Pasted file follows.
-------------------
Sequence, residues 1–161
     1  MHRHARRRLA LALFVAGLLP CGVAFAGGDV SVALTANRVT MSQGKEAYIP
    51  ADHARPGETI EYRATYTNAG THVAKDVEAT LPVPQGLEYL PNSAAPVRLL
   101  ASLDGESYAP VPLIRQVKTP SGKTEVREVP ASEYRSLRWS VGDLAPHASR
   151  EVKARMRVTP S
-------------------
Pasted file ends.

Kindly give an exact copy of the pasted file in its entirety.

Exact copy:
Sequence, residues 1–161
     1  MHRHARRRLA LALFVAGLLP CGVAFAGGDV SVALTANRVT MSQGKEAYIP
    51  ADHARPGETI EYRATYTNAG THVAKDVEAT LPVPQGLEYL PNSAAPVRLL
   101  ASLDGESYAP VPLIRQVKTP SGKTEVREVP ASEYRSLRWS VGDLAPHASR
   151  EVKARMRVTP S